George Mackay Brown - Greenvoe (1972)
- Dave Martin
- 1 January 2005
100 Best Scottish Books of all Time
Transposing the Orcadian rhythms of his critically-acclaimed poetry to a prose work which focuses on the dissipation of an island community proved a masterstroke for George Mackay Brown. In the absence of any real plot, we find ourselves embroiled in the lives of the inhabitants of Greenvoe, a village on the fictional island of Hellya, constructing the greater truths of their lives from the minutiae of petty conflict and amity in their relationships. This is all threatened with the arrival of Black Star, a secret military project which causes a boom economy in the village before the inevitable bust, and a descent into ochlocracy.
The majority of the action takes place over a single week, watching the fortunes of an ensemble cast that would make Robert Altman blush ebb and flow with the island tides. Transcending the parochial setting to reveal a parable about the impact of ultra-modern technology on a primitive society, Brown warily circles the rural sentimentality of the Kailyard school but is never content with its cloying simplicity. And although undoubtedly a better poet than he was a novelist, in his works of elegiac social realism the islands of Orkney themselves are transformed into a mythological landscape worthy of the Norse sagas which influenced his work.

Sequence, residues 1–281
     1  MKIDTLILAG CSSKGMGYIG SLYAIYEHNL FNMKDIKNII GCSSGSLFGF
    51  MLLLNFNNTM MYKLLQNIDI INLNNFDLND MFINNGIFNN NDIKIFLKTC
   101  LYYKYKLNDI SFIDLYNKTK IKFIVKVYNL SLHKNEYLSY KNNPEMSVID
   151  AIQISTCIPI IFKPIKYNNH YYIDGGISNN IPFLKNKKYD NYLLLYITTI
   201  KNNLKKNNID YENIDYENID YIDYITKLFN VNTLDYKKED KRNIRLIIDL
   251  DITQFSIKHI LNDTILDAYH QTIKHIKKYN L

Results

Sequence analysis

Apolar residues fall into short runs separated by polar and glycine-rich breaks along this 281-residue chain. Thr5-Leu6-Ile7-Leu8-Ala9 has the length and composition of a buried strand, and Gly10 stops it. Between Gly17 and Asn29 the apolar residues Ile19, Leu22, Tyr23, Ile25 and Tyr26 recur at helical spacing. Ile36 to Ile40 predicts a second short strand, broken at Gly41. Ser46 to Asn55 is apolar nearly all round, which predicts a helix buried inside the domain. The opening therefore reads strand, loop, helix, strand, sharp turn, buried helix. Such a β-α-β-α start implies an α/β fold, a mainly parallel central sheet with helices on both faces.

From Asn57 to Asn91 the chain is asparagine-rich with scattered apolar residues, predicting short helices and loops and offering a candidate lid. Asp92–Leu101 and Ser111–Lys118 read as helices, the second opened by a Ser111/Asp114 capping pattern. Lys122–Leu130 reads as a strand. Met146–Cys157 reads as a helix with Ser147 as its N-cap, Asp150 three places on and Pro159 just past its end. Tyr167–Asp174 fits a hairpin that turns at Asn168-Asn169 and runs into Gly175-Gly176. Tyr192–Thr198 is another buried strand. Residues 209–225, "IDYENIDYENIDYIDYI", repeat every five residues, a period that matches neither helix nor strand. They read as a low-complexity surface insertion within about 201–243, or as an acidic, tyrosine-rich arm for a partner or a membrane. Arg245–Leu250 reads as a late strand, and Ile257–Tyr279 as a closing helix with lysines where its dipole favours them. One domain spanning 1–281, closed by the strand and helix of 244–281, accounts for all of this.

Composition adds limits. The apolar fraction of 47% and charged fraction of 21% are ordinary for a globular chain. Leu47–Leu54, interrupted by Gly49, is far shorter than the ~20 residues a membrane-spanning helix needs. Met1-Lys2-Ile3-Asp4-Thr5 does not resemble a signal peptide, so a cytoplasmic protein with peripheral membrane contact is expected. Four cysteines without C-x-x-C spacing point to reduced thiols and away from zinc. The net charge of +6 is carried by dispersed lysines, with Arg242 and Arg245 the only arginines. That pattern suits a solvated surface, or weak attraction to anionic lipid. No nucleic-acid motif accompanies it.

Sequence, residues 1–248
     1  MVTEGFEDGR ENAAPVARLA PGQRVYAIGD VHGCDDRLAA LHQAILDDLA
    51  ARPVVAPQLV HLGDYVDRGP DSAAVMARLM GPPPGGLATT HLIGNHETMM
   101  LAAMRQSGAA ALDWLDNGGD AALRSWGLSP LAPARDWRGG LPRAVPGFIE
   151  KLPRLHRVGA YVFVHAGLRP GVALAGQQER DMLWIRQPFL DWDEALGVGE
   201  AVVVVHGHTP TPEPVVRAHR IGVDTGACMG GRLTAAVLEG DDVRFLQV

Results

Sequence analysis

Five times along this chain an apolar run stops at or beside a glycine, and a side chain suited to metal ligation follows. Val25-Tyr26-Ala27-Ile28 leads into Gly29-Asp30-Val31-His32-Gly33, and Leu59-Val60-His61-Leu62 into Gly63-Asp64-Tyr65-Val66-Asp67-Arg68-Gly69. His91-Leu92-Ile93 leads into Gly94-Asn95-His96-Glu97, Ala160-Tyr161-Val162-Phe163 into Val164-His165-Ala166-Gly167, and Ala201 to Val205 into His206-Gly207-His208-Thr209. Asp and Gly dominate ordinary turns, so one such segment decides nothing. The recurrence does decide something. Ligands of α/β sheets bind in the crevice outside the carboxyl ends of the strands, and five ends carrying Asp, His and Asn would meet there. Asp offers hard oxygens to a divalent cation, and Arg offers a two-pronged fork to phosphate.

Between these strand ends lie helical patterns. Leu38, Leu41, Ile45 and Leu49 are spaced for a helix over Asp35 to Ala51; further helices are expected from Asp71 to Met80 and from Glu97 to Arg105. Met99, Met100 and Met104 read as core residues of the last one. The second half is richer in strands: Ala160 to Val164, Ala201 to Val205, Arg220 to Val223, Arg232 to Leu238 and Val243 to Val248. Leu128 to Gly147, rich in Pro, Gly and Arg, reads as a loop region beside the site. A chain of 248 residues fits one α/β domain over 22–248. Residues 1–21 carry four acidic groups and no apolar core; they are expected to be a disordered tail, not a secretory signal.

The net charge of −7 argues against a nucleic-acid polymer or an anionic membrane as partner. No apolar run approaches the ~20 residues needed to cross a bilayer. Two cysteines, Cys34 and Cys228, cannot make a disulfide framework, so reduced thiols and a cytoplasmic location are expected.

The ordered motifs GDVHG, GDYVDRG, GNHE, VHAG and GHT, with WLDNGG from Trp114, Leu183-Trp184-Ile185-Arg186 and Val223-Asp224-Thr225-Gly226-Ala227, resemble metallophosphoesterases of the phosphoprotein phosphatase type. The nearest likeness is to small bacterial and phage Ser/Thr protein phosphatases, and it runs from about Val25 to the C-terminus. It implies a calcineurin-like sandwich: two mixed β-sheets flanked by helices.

His poetry and prose, the latter of which perhaps never reached the heights of Greenvoe again, drew a bridge between Orkney, Norwegian territory until 1470, and the Scottish mainland, uniting two traditions in lyrical paeans to the beauty and cruelty of island life. For a hint as to how much Brown's debut novel has been assimilated into the fabric of Orcadia, Northlink Ferries named one of the bars on their vessel Hamnavoe after it, a gesture the hard-drinking Bard of Orkney would surely have tipped a glass to.
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